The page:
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scientists react to ‘Brain activity in a vegative state’ paper to be published in Science

A group of collaborating UK and Belgian scientists have reported a study showing that a woman in a ‘vegetative state’ following severe head trauma can successfully understand spoken words.

Dr Narender Ramnani, Reader in Cognitive Neuroscience, Cognitive Neuroscience Laboratory, Department of Psychology, Royal Holloway University of London, said:

“These remarkable findings suggest that a patient in a vegetative state willfuly cooperated with scientists by following their instructions to systematically change the contents of their imagination. This adds weight to the view that she, and perhaps many other patients like her, might be quite capable of decision-making and have a rich and complex internal life. However, this finding is based on a single case so further research is needed to investigate this possibility more robustly. Future research might also make it possible for such patients to communicate their thoughts and intentions to others by controlling their own brain activity. Apart from the scientific points, the study also raises important ethical questions: given that such patients might be conscious and capable of making their own decisions, is it acceptable for others to terminate their lives without the consent of these patients?”

Paul Matthews, Professor of Clinical Neurosciences, Imperial College and MRC Clinical Research Professor, Department of Clinical Neurology, University of Oxford, said:

“When patients are in a vegative state they can react to stimuli but not in a truly meaningful way. Often patients will look as if they are interacting with the environment, which can be distressing for relatives, but this is simply a reaction to stimuli. In a vegative state there can be many signs of types of brain function, but there is no evidence for conscious interaction.

“A vegative state is different to a coma. When a patient is said to be in a coma they remain unreactive to stimuli for long periods of time. If this irreversible it may lead to the decision to turn off a life support machine (a decision which wouldn’t be taken for patients in a vegative state). The key criteria for irreversible coma is a test that demonstrates there is no significant brain function.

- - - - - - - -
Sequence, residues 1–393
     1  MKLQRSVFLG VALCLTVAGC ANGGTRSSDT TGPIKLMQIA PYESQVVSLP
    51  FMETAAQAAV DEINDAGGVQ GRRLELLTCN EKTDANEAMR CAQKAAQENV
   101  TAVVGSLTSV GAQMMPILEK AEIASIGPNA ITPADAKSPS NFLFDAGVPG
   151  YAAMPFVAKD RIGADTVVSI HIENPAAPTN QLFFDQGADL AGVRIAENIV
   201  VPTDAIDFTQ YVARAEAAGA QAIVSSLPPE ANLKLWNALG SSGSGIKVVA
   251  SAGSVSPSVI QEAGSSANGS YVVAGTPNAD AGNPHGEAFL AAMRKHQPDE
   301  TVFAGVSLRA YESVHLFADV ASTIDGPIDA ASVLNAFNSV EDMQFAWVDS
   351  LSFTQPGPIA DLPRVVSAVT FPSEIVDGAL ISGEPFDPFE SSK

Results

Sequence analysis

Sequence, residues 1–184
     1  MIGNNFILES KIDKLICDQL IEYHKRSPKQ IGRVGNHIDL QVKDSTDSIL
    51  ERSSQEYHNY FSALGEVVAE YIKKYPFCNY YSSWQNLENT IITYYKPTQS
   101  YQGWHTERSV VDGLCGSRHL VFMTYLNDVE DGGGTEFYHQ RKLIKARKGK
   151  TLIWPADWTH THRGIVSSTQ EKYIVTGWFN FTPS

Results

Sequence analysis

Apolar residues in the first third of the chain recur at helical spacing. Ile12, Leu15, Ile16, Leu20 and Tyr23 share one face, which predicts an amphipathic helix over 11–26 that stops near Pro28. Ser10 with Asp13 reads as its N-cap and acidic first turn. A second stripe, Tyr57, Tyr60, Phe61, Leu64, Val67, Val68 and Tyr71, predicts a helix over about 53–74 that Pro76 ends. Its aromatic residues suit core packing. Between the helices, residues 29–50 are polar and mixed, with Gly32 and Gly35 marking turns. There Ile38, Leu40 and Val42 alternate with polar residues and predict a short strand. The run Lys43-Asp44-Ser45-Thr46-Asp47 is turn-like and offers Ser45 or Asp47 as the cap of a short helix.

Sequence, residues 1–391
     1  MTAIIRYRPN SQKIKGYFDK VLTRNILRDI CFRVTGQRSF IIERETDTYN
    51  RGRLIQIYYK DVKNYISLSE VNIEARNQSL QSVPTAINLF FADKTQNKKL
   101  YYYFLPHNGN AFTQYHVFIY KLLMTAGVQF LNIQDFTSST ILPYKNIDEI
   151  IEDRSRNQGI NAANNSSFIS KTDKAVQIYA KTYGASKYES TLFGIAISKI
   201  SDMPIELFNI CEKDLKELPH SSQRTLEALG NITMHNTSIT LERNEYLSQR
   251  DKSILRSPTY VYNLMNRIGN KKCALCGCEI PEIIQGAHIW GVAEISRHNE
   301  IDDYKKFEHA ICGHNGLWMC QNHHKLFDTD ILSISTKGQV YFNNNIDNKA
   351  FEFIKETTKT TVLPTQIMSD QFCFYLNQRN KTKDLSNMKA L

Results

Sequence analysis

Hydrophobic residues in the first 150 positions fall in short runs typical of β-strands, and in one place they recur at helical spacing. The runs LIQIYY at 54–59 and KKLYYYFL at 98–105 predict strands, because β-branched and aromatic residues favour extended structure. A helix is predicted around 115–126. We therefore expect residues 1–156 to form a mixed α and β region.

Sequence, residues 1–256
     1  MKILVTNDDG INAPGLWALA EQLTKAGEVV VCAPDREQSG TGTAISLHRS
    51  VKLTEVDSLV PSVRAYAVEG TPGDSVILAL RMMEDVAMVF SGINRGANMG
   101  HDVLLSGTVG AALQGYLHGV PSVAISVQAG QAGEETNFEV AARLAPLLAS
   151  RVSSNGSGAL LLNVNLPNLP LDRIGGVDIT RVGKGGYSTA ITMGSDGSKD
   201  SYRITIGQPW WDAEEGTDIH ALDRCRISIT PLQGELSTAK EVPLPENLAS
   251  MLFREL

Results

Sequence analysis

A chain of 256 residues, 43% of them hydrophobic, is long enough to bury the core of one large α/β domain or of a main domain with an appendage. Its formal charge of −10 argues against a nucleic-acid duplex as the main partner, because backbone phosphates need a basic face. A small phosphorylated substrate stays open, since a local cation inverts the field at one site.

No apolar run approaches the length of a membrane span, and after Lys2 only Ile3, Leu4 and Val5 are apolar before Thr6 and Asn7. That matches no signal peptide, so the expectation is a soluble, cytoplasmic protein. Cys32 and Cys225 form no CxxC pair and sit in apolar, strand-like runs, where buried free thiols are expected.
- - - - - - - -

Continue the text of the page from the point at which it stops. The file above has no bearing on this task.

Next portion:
“The paper explained that in the case of this patient there was no evidence of meaningful interaction with the environment. In my opinion The fMRI study alone does not provide sufficient evidence that there is conscious interaction with the environment.

“The conclusions suggest that consciousness can be reduced to activity in individual functional systems in the brain, rather than that it is a consequence of an integrated self-recognition of their state. If individual brain systems function (e.g. word recognition or a patterned response to a command) was the only requirement for consciousness, then the computer on which I am typing would be conscious – a highly unattractive conclusion.

“This paper again confirms the potential for fMRI to extend information available from conventional electrophysiological testing in clinical evaluations. It has long been recognised that specific brain functions can be preserved in patients in a vegetative state and the electrophysiological evidence for preserved evoked potentials and TMS responses are consistent with this for visual and motor systems.

“Contrary to the claim of the authors, however, the observations to not establish either that the patient made a “decision to cooperate” or that she had self-awareness. Response to stimuli, even complex linguistic stimuli, does not provide evidence of a “decision” to respond (e.g., withdrawal from an unexpected painful pin prick does not represent a “decision” to respond!). The authors did not image activity related to “decision” (a challenge largely unmet yet in the literature), merely the responses to command stimuli. While these are more complex stimuli than vision or sound, it is a matter of everyday experience that we respond to complex stimuli without explicit conscious decision (e.g., the differing responses to the call of “fare?” vs. “fire!” on a crowded bus).”

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